Teaching economics in the 21st century
Journal of Economic Perspectives—Volume 14, Number 1—Winter 2000 —Pages 109 –119
Teaching Economics in the 21st Century
William E. Becker
T he primary goal of undergraduate courses in economics is to enable
students to think like economists (Siegfried et al., 1991, p. 199). But even
college-educated high school teachers of economics have beliefs about
economics that are more highly correlated with those of journalists than with those
of economists (Becker, Walstad and Watts, 1994). What changes in the way we teach
economics in our colleges and universities will enhance the use and appreciation of
Practical answers to this question are advanced in this article. I do not provide
elaborate plans to restructure the principles program, and thus will not address
issues like a one- versus a two-semester introductory course, the ordering of micro
and macro, appropriate prerequisites for intermediate courses, or other schemes
that require difficult-to-obtain departmental and administration consensus (Even-
sky and Wells, 1998). Instead, attention is restricted to what we teach, how we teach,
and the assessment of the educational outcomes at the baccalaureate level.
What We Teach
Media headlines scream the need to understand macroeconomics. At a min-
imum, courses in macroeconomics should enable students to have a greater un-
derstanding of the economic news as it appears in the Economist, Business Week, and
the Wall Street Journal than those without an education in economics. Conversely,
instructors can use the headlines to set a context for the study of economics; for
y William Becker is Professor of Economics, Indiana University, Bloomington, Indiana, and
Adjunct Professor, School of International Business, University of South Australia, Adelaide,
110 Journal of Economic Perspectives
example, Becker (1998) provides examples of how the news media can be incor-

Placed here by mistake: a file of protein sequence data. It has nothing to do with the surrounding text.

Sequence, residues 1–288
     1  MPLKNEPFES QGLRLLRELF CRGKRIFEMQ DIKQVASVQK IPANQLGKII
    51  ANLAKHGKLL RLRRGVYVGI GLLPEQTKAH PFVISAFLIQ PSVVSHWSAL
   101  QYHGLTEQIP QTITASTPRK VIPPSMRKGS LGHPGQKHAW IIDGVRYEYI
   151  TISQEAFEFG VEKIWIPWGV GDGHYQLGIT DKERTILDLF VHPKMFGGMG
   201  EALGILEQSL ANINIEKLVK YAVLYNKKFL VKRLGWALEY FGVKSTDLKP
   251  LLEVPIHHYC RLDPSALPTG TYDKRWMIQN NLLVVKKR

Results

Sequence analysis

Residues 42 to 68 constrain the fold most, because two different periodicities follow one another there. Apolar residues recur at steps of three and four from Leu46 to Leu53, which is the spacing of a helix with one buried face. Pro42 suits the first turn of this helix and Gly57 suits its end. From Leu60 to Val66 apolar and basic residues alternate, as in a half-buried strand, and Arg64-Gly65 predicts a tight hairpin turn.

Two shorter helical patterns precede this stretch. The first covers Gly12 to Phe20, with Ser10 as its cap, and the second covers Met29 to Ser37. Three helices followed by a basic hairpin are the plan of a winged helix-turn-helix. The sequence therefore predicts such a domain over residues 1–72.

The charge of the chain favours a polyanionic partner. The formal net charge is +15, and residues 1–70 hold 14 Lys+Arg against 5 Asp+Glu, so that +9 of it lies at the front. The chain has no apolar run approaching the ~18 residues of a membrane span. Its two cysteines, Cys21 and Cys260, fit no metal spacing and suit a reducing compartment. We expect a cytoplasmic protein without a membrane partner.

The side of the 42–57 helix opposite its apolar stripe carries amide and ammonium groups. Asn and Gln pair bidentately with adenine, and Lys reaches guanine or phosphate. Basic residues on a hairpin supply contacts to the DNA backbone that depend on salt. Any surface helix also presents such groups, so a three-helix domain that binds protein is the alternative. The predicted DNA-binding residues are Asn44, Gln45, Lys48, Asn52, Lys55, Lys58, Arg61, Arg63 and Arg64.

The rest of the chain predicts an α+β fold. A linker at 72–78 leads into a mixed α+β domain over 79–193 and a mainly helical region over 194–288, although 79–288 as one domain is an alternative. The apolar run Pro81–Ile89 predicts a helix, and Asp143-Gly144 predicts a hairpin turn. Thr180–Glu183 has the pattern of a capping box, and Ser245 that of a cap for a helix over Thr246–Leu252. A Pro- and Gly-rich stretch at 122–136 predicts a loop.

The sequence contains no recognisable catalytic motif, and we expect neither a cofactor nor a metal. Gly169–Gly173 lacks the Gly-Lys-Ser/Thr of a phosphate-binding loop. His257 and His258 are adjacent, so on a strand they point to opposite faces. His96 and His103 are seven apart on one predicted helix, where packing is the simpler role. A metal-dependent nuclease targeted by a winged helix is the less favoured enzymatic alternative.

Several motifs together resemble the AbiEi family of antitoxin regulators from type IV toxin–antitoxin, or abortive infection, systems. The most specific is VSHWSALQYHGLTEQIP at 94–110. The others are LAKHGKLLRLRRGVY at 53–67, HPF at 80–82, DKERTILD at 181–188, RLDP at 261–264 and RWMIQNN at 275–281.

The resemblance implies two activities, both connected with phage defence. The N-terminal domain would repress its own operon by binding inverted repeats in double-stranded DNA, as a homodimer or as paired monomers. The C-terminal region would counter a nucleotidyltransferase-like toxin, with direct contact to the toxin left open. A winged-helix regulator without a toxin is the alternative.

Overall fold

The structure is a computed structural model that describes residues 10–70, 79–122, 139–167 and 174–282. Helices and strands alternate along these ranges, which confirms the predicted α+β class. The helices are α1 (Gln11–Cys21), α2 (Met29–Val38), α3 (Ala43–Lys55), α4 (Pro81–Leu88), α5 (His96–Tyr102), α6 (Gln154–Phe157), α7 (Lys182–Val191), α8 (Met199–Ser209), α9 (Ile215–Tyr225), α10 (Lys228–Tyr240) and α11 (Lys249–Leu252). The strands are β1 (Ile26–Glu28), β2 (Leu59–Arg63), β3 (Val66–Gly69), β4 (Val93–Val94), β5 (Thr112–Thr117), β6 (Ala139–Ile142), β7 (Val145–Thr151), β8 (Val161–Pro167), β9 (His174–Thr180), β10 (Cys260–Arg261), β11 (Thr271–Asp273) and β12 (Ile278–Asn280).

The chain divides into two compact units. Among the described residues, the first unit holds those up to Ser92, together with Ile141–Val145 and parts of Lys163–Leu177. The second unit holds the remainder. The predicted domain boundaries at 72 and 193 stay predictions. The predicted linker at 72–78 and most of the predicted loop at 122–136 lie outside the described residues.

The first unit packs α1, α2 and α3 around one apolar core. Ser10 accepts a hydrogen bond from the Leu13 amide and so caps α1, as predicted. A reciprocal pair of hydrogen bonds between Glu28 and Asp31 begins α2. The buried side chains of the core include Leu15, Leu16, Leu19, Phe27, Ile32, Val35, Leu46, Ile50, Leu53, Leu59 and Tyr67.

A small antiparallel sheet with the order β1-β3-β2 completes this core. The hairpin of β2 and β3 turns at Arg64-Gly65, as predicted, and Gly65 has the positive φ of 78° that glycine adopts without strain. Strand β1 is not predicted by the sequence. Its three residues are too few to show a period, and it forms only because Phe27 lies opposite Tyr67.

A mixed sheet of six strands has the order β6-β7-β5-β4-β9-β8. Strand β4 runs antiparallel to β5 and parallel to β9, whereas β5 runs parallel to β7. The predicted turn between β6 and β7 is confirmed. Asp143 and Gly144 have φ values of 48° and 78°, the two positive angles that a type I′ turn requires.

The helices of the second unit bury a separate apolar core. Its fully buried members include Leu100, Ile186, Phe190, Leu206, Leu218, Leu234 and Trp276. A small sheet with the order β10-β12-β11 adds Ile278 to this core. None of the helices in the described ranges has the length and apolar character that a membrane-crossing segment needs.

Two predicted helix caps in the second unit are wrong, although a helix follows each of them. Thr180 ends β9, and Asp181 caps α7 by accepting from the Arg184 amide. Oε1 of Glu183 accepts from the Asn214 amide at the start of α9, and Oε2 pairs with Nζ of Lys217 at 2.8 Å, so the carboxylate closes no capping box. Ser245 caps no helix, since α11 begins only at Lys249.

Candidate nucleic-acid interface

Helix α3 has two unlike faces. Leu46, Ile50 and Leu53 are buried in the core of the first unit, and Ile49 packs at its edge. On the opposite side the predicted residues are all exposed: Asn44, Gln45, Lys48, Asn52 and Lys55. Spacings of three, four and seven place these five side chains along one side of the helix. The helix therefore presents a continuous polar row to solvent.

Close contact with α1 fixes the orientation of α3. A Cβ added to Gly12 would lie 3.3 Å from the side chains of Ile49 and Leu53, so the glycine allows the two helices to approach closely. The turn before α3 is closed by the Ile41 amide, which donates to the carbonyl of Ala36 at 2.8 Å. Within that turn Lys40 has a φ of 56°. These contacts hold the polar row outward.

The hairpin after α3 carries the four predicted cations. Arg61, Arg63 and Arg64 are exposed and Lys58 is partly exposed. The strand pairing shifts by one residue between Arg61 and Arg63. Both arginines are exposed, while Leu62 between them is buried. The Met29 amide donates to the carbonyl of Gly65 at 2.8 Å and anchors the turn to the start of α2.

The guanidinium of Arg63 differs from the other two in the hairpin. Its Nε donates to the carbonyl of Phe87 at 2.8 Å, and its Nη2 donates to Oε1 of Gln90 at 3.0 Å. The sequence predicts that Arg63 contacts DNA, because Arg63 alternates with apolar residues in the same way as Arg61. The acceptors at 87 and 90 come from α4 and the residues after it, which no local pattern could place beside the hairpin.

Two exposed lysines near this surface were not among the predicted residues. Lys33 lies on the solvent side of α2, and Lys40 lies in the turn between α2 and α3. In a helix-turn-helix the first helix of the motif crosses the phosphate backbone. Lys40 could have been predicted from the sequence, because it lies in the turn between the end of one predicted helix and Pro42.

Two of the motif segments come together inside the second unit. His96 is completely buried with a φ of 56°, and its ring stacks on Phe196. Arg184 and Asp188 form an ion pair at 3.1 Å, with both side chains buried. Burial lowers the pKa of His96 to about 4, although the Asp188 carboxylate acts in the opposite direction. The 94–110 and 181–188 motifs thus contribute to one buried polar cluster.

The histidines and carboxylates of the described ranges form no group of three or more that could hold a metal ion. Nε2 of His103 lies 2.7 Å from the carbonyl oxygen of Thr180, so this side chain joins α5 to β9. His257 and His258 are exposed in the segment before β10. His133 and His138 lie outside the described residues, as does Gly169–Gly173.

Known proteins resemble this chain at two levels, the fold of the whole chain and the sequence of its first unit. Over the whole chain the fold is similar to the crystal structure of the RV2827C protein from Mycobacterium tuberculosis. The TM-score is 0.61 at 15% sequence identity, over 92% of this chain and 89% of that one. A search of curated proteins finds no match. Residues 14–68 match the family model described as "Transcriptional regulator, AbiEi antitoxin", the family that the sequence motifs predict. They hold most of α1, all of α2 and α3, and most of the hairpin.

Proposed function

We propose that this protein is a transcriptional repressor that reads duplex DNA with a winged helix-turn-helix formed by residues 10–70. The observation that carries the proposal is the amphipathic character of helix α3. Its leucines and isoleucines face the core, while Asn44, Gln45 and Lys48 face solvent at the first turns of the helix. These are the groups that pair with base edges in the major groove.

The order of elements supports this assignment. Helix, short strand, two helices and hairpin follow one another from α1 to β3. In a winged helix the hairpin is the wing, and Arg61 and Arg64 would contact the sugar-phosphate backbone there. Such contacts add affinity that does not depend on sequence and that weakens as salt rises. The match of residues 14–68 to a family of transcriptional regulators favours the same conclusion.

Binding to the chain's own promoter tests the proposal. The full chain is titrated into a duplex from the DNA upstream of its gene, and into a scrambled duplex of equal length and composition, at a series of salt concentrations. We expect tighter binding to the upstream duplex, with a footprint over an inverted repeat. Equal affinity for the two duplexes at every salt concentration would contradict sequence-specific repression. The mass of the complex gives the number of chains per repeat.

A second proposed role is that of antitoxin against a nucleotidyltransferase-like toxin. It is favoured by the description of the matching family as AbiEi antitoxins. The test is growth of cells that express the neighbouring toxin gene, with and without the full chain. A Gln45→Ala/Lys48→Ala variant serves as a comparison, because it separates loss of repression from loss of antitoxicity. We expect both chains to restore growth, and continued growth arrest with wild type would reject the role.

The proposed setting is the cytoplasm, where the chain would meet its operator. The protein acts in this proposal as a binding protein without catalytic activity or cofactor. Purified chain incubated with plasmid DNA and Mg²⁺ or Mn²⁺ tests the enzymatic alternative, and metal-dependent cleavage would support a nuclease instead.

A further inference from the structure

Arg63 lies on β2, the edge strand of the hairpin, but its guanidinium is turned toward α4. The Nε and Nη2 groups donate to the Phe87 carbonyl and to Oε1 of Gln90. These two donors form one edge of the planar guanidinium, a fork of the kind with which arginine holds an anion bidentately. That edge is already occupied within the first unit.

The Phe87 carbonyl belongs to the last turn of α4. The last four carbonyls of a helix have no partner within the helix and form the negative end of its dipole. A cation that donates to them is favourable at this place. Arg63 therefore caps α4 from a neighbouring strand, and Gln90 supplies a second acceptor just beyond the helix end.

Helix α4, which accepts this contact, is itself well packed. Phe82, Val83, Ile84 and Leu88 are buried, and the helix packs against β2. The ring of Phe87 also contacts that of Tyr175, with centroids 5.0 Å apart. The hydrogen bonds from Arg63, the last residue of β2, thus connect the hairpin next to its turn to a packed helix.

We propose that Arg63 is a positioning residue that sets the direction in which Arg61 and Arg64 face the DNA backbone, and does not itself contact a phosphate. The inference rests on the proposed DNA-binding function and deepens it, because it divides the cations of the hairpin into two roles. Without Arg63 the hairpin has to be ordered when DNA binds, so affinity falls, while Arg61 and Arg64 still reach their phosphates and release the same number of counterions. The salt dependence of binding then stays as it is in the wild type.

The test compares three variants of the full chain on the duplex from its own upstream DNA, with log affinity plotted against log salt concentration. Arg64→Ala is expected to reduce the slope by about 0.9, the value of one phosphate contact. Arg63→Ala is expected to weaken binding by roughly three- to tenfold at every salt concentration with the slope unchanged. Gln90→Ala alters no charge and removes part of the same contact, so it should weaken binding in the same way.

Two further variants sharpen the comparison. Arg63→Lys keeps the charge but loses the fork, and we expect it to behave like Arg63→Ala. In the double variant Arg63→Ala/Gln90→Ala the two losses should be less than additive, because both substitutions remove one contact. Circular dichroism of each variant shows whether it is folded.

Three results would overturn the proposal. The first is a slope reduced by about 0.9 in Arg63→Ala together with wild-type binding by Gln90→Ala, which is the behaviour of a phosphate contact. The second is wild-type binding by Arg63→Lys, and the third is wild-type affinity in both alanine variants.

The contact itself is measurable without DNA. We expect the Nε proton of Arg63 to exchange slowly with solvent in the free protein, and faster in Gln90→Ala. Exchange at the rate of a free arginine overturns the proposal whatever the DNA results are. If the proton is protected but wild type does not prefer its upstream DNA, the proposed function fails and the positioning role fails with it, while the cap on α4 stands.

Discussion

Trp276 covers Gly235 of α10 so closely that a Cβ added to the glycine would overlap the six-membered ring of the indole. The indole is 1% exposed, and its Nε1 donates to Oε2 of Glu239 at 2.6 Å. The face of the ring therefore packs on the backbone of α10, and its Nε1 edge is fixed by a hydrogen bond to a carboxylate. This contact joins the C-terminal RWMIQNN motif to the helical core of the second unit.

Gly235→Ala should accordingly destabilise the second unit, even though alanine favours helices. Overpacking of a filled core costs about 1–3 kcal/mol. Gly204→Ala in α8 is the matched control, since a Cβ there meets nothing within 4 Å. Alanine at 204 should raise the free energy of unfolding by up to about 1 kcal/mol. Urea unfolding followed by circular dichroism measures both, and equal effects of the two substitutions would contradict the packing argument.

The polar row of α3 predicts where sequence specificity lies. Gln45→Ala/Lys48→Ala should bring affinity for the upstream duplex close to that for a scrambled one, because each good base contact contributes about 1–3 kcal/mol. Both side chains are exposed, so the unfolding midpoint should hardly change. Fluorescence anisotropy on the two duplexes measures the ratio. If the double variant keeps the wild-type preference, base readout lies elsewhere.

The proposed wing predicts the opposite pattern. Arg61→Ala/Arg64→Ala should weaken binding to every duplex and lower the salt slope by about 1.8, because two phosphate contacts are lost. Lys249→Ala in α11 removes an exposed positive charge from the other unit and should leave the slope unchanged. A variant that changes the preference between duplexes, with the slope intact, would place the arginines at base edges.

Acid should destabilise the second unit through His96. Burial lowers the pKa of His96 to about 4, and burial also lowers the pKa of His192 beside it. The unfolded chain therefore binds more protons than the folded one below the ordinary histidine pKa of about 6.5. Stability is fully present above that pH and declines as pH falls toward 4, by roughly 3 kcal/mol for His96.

porated into the teaching of statistics and econometrics.
Textbooks do a good job on many topics in macroeconomics. However, Peter
Kennedy (1992) identified some macroeconomic concepts that frequently appear
in the media but are not given adequate attention in textbooks. Three of his several
relationships that have met the test of time, yet continue to be neglected, are:
1) nominal versus real interest rates in a variety of guises; 2) inflation rate differ-
ences and exchange rate changes (purchasing power parity); and 3) the loose
tendency for real, but not nominal interest rates, to be equal across countries
(interest rate parity). Recent events suggest a fourth neglected topic: technological
change and economic growth.
The difficulties in teaching macroeconomics go deeper than which topics to
emphasize; they include questions about what analytical framework should be used
to teach those concepts. Thirty years ago, I had it easy as a student in Boris Pesek’s
and Martin Bronfenbrenner’s macroeconomics classes. They were masters of the
IS-LM-AS framework and taught it with confidence. Today, there is greater agree-
ment among economists on micro than macro issues (Alston, Kearl and Vaughan,
1992). Entering the new century, students and their teachers of macroeconomics
are somewhat uncertain of the preferred method of analysis.
IS-LM-AS remained the workhorse model of macroeconomics well into the 1970s,
but the model came under continued criticism on many grounds and by the mid-1980s,
rational expectations approaches were evident in textbook presentations. In the late
1990s, there was a swing away from rational expectations. For example, Thomas